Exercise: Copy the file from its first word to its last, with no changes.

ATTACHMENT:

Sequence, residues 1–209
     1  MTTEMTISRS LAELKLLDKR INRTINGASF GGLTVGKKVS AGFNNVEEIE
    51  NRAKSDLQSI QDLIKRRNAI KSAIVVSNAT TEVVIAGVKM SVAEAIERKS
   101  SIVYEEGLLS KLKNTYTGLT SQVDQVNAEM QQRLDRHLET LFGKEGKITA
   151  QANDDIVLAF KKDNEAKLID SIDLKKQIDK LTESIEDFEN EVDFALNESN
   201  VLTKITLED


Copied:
Sequence, residues 1–209
     1  MTTEMTISRS LAELKLLDKR INRTINGASF GGLTVGKKVS AGFNNVEEIE
    51  NRAKSDLQSI QDLIKRRNAI KSAIVVSNAT TEVVIAGVKM SVAEAIERKS
   101  SIVYEEGLLS KLKNTYTGLT SQVDQVNAEM QQRLDRHLET LFGKEGKITA
   151  QANDDIVLAF KKDNEAKLID SIDLKKQIDK LTESIEDFEN EVDFALNESN
   201  VLTKITLED